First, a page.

Bling sting: Heist reflects new interest in diamonds
Robbers nab $50 million in gems in a daring theft. The hit comes as some funds hope diamonds could be the next big thing for commodities.
In a brazen European tarmac heist on Monday, eight armed robbers took off with $50 million worth of diamonds.
While the jewels have been valued for centuries for their strength and beauty, the heist comes at a delicate time for the diamond industry, as some hope the gems will become the next trend in commodity investing.
In December, the first diamond-based exchange-traded fund hit the market, and more are in the works.
ETFs are investment funds that trade like stocks but which often track an index. They've also become popular vehicles for investors seeking to make plays in gold, wheat and other commodities.
The attraction for gold and diamonds isn't only skin deep, however. Investors increasingly are putting money into gold and other commodities as a way to diversity into investments that aren't linked to the U.S. equity market.
Now, fund managers want diamonds to become the new gold. Less than a decade ago, the SPDR Gold Shares (GLD) introduced the concept of buying ownership into the fund's physical gold holdings, stored in guarded vaults. The SPDR Gold Shares now has about $68 billion in assets under management, making it one of the country's largest ETFs.
The first diamond-based fund, the ISE Diamond/Gemstone ETF (GEMS) comes from PureFunds, an exchange-traded fund provider. While not buying up diamonds directly, the fund invests in firms that produce and sell the jewels, such as Harry Winston (HWD) and Signet Jewelers (SIG).
More diamond-based funds are in the works. IndexIQ, a fund manager that offers hedge-fund strategies, is working on an ETF that invests in actual diamonds. The fund plans to hold "one-carat, gem quality diamonds of readily available, industry-standard diamonds in common use among diamond dealers."
"Diamond is the last uncommoditized commodity, and so it’s drawing in many organizations,” IDEX Online editor Edahn Golan told The New York Times last year.
But diamonds offer some unique challenges. For one, it's difficult to establish consistent pricing for the gems, given the variety of quality and cuts. The diamond industry has also been hurt by the taint of "blood diamonds," or diamonds mined in a war zone.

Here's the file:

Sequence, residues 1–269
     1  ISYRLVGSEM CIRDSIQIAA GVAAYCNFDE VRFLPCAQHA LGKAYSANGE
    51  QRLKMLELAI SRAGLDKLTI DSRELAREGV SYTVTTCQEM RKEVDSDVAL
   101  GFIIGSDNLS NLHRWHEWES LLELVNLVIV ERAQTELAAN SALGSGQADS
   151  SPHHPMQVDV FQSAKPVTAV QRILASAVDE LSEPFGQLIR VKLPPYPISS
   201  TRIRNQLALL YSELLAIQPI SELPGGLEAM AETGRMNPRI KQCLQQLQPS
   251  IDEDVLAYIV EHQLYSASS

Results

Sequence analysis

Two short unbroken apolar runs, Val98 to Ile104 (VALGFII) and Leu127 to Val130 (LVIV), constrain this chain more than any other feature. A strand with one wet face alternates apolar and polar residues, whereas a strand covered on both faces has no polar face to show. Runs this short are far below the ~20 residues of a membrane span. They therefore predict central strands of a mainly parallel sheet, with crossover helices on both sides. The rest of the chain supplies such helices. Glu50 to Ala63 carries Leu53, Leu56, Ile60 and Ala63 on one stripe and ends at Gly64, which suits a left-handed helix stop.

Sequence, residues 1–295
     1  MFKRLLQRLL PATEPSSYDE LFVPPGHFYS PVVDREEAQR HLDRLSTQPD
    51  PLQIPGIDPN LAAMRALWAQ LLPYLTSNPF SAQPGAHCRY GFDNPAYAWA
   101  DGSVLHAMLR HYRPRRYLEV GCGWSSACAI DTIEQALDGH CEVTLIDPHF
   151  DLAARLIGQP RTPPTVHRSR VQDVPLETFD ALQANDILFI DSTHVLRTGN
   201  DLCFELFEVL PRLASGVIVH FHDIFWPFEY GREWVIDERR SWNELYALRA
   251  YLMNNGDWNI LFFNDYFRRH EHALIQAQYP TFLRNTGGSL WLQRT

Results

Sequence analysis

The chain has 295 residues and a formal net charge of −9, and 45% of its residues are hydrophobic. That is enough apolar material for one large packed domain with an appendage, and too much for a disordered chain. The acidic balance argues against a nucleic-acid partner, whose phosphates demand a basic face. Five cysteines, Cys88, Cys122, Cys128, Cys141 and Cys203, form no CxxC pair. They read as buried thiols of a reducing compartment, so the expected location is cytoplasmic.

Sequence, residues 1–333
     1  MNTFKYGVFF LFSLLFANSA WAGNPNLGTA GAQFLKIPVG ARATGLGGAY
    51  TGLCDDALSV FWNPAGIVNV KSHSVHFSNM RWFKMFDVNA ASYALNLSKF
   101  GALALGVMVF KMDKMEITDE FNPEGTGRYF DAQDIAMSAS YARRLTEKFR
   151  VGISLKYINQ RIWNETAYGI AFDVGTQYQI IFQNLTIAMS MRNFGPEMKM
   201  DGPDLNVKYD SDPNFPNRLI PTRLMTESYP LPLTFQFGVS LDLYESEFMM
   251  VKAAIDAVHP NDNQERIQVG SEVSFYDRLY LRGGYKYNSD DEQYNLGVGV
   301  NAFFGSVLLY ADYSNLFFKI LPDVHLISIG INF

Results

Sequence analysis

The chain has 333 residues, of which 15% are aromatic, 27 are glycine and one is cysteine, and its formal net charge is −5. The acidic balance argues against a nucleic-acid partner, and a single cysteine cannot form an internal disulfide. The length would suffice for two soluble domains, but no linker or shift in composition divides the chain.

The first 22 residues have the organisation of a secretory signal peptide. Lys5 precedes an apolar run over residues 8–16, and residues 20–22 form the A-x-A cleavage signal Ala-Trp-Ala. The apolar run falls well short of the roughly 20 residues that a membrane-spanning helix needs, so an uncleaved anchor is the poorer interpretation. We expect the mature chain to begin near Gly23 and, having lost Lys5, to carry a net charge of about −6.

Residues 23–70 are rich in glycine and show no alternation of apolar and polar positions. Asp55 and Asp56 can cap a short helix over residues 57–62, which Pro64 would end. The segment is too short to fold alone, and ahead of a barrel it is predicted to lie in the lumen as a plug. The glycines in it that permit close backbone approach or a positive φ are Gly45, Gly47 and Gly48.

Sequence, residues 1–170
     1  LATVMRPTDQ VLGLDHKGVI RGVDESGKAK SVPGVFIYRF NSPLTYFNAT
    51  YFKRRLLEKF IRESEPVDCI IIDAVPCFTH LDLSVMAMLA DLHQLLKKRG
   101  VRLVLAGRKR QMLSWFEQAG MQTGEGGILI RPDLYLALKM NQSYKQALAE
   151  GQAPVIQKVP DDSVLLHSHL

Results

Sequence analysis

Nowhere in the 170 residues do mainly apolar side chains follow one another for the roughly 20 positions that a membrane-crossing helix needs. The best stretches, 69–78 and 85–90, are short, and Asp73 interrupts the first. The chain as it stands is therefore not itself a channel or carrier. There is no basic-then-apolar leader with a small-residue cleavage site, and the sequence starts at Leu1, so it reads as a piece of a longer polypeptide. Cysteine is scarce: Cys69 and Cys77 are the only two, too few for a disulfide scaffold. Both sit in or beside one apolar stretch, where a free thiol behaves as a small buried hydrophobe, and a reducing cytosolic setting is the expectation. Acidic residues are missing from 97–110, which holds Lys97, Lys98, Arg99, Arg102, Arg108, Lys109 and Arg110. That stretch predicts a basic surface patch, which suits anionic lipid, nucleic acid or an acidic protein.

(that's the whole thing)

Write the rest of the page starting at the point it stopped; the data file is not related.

And then there's the huge industry domination by De Beers, which maintains a market share of 40%, according to the Times.
As for the diamond robbers, no arrests have yet been made. While they stole at least 120 packages of the jewels, worth $50 million, that's just a fraction of the $51.9 billion in diamonds traded in Antwerp last year, according to the Times.
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Only 50 Million? These guys are small time crooks.
Obama borrows 4 Billion every day to fuel his gluttonous spending, all on the backs of the taxpayers. Now here's a REAL crook.
and if you had the guns you could have the diamonds
Diamonds being a high value tangible global asset that can be adorned, easily transported and traded globally will become more important in the emerging BRIC countries, than for Americans who traditionally purchase for adornment & size over investment, quality and wealth preservation purposes. Today with technology, diamond wholesalers, retailers, and "Prosumers" / Investors can easily stay informed using pricing tools like the DiamondMaster App to monitor their diamonds global "Wholesale List" values in 11 foreign currencies, in Exchange to Gold's Annual Moving Average, and in IMF's SDR (Special Drawing Rights) basket of currencies unit. Diamonds' "global values" are essentially un-pegged from the US Dollar when using the DiamondMaster App.
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